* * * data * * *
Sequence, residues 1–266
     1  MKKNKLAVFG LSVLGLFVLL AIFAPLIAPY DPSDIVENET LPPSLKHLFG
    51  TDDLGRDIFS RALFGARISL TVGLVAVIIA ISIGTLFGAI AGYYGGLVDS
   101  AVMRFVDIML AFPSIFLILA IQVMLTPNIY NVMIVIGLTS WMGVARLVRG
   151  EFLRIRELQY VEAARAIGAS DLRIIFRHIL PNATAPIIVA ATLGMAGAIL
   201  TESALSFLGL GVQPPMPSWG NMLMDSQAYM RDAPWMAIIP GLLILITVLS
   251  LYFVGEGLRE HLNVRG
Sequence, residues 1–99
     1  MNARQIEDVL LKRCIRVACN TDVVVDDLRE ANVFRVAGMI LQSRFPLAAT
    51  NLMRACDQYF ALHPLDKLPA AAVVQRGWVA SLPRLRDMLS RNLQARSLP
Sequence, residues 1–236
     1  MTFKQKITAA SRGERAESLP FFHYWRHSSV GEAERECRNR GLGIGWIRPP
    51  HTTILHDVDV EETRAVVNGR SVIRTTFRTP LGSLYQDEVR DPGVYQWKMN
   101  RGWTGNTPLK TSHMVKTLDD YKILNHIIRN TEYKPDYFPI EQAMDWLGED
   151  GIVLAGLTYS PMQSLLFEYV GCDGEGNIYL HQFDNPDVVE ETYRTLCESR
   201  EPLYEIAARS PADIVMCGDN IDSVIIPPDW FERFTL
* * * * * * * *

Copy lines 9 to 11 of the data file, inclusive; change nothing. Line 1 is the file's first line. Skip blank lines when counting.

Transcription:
     1  MNARQIEDVL LKRCIRVACN TDVVVDDLRE ANVFRVAGMI LQSRFPLAAT
    51  NLMRACDQYF ALHPLDKLPA AAVVQRGWVA SLPRLRDMLS RNLQARSLP
Sequence, residues 1–236